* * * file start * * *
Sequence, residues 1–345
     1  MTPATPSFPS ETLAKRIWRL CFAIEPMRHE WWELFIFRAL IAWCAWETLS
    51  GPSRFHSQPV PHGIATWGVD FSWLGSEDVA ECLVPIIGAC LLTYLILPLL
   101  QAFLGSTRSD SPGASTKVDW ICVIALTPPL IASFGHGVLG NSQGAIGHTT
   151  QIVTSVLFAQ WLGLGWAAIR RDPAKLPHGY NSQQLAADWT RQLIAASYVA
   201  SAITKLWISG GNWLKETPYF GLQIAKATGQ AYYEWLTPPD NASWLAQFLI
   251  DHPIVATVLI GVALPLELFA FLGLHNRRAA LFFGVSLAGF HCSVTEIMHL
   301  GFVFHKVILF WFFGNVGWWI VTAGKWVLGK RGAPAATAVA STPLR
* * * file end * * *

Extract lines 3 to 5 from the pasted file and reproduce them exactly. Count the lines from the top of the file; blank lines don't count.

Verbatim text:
    51  GPSRFHSQPV PHGIATWGVD FSWLGSEDVA ECLVPIIGAC LLTYLILPLL
   101  QAFLGSTRSD SPGASTKVDW ICVIALTPPL IASFGHGVLG NSQGAIGHTT
   151  QIVTSVLFAQ WLGLGWAAIR RDPAKLPHGY NSQQLAADWT RQLIAASYVA